Has anyone seen a first generation Mitsubishi Magna at a classic car show?
No, neither have I.
Despite it being 34 years old and eligible for “classic car” status in Australia, it is not a car that collectors want to collect.
Indeed, it is one of many mid-80s cars that have fallen into the black hole of collector indifference.
And yet, the 1985 Magna was one of the 1980s cleverest examples of re-engineering a car for Australian conditions.
It re-shaped the Australian motor industry.
It was quickly given its redundancy notice, leaving Mitsubishi with the rear-wheel drive Sigma as its largest offering.
When the Sigma’s front-wheel drive replacement was in the development stage in Japan, Mitsubishi’s Australian research indicated that car width was a key buying factor for Aussie drivers.
That’s when someone had a bright idea.
“Let’s make the new Sigma wider!” said a smart ex-Chrysler engineer.
“And we can use the big 2.6-litre four cylinder engine, too” said another.
So out came the chain saws and they cut a prototype Sigma in half, inserted a 6.5cm metal divider , and welded it all back together.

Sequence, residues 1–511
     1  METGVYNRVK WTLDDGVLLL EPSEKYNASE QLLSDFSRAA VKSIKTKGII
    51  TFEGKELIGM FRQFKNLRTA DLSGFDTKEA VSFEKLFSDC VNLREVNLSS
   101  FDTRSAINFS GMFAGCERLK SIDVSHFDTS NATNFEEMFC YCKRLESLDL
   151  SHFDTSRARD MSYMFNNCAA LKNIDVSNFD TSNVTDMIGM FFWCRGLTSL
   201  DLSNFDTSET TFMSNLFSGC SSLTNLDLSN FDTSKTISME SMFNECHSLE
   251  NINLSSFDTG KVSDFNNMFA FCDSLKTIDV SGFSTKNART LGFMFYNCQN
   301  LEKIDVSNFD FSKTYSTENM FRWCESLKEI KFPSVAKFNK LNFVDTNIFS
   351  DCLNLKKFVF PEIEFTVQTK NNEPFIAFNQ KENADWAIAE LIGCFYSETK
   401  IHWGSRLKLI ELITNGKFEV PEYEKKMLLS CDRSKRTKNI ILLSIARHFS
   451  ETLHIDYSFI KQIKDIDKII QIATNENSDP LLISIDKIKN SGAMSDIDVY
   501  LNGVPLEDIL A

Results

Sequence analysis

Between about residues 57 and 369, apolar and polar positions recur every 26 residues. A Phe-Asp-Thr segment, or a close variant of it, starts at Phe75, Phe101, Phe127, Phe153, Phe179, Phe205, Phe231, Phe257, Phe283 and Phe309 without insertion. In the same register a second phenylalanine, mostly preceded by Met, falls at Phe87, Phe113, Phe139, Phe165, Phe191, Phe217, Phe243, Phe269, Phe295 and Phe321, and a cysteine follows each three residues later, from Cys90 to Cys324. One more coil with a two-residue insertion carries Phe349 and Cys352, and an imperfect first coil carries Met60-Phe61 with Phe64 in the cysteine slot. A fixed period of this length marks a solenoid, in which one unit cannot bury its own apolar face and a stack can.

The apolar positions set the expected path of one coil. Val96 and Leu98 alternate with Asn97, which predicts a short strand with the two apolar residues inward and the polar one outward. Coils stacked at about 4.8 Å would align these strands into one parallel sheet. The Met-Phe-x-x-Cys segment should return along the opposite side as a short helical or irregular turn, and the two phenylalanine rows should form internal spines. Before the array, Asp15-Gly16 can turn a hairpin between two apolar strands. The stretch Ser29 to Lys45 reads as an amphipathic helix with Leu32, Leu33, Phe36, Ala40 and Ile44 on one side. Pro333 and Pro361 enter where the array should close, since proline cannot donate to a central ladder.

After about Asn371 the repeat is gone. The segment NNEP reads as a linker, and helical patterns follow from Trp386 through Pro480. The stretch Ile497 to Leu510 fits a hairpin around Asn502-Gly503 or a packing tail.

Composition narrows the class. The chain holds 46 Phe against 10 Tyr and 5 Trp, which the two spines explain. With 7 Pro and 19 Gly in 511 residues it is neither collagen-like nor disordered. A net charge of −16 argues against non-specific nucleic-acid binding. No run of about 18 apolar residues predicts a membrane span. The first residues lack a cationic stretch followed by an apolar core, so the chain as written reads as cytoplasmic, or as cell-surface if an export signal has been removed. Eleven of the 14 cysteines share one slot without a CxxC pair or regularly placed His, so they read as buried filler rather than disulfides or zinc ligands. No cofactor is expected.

The result was visibly obvious.
Here was a wider car with a spacious interior and powered by an economical four cylinder engine.
Upon release the Magna had an immediate and lasting impact.
In comparison existing Camry and Commodore both looked and felt narrow, and the Falcon looked a little too big.
The motoring media loved the Magna and praised Mitsubishi for ”inventing” a new category of car.
The wide-bodied Mitsubishi also gained acceptance in the USA, marketed there as the Diamante.
The 1989 Camry and Commodore were wide-bodied versions of overseas models.
The Magna went through four generations until it disappeared in 2005.
Those collectors who see value in the Magna go for the rare, all-wheel drive V6 VR-X built from 2002.
But a word of warning: stay away from any first model with an automatic transmission — the gearbox is rubbish!
David Burrell is the editor of retroautos.com.au
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